World ORT is helping the Israeli city of Kiryat Yam reach for the stars by providing a planetarium, an integral part of the $18 million Alex and Betty Schoenbaum Science, Educational, Cultural and Sports Campus.
NASA astronaut Timothy Creamer, who spent nearly half of last year aboard the International Space Station, joined the opening ceremony of the Margot and Jozef Rethazy Planetarium Building this week together with local dignitaries and a crowd of excited schoolchildren.
Inside the planetarium, one of only three in Israel, a memorial to Israeli astronaut Colonel Ilan Ramon was unveiled. The ceremony coincided with the Ilan Ramon Science and Space Memorial Seminar, which World ORT’s representative office in Israel stages on the anniversary of his death in the Columbia shuttle disaster.
“There were no survivors,” the memorial reads. “However, Ilan Ramon’s spirit remains alive within every boy and girl who has an interest in space.”
The vitality of that spirit was displayed by a team of students from Kadoorie Agricultural College, one of dozens of schools assisted by World ORT. Earlier in the day they had won World ORT’s annual competition on science and space with research into how the sun’s activity affects the production and quality of cows’ milk.
Director of the Ramon Foundation’s Space Week Programme, Elyashiv Meller, said: “I hope that what we’ve done here will be copied throughout the country and as a result there will be more children who will take the Israeli flag into space.”
Stimulating interest in space and science is the first step in realising that hope. As Menachem Greenblum, Director General of the Ministry of Science and Technology, said: “If we want our children to major in science at high school we need to get them interested in it in early childhood. What we’re doing here is the right thing.”
The planetarium can hold 80 people at one time – 40 in reclining seats around the perimeter and another 40 on special cushions on the floor (a feature specifically designed to appeal to children).
Gazing up, visitors see stunning images of space and planets projected across the domed ceiling using NASA technology.
“It was magnificent seeing the first film showed there,” said one of World ORT’s Pedagogical Coordinators in Israel, Nechama Kenig. “The planetarium will be used by school students but we plan to have it open to the public from Pesach.”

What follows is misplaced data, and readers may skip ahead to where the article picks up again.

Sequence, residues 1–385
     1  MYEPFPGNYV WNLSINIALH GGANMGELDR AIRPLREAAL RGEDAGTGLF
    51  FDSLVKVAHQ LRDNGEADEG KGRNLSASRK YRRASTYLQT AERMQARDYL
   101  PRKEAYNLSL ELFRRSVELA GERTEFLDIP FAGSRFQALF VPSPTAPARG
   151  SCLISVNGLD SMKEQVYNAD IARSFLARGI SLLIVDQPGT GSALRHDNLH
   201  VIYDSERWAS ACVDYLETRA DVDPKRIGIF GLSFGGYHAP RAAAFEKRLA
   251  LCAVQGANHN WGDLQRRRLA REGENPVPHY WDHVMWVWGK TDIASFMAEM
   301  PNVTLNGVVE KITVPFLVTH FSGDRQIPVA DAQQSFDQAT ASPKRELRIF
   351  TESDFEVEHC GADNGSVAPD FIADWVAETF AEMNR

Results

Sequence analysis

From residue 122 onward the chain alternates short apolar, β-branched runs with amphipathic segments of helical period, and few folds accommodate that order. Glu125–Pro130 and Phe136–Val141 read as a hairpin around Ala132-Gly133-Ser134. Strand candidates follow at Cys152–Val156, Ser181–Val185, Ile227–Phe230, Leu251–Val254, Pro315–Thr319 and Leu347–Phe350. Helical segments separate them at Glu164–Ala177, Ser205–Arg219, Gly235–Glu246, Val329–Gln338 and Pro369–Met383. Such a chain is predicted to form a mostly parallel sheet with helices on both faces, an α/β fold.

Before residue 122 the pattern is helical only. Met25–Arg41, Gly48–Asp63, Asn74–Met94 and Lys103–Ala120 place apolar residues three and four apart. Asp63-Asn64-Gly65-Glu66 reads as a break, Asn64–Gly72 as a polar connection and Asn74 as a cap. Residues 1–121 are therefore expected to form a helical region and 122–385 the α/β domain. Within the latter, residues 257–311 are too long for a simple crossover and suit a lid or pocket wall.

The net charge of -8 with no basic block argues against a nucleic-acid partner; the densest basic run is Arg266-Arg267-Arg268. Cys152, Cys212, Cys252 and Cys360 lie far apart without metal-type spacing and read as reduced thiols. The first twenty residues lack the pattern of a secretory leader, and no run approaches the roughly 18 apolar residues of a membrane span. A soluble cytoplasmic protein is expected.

Opening the planetarium was, according to Kiryat Yam Mayor Shmuel Sisso, a celebration of curiosity, that essential human characteristic which had precipitated countless inventions and discoveries throughout history and was now propelling space travel in search of creative solutions to terrestrial challenges.
It was also, Mayor Sisso said, “another brick in the building of future scientific and technological research in Israel generally and in the northern region in particular”.
“Ilan Ramon wrote that the education of youth about space was intertwined with the future of space exploration because such exploration will be solely in the hands of today’s young people,” Mayor Sisso said. “Today is an opportunity for us to experience the realisation of this important project, this ‘Science City’. Who knows, perhaps one of you sitting here will be Israel’s next astronaut ”
This inspirational communal resource has been named after the late Margot and Jozef Rethazy of Hamilton, Ontario in recognition of their generous support for World ORT’s Schulich Canada Smart Classroom Initiative. The initiative is helping Israel catch up with other OECD countries by introducing Interactive Whiteboards to schools across the country.
“From the depth of the Holocaust inferno that brought them to the gas chambers, which they miraculously survived, the Rethazys beyond their lifespan are making a great contribution to the education and upbringing of Israel’s children, making them proud and constructive citizens of our beloved Medinat Yisrael,” said Kurt Rothschild, on behalf of Rabbi Morton Green who was responsible for securing the Rethazys’ bequest for ORT Toronto.
“I pay tribute to World ORT for providing excellent trade education,” Mr Rothschild added. “And I applaud you for putting the Rethazys’ bequest to such constructive purpose.”
World ORT Director General and CEO Robert Singer thanked ORT Toronto for facilitating “this wonderful opportunity for the people of Kiryat Yam and surrounding communities”.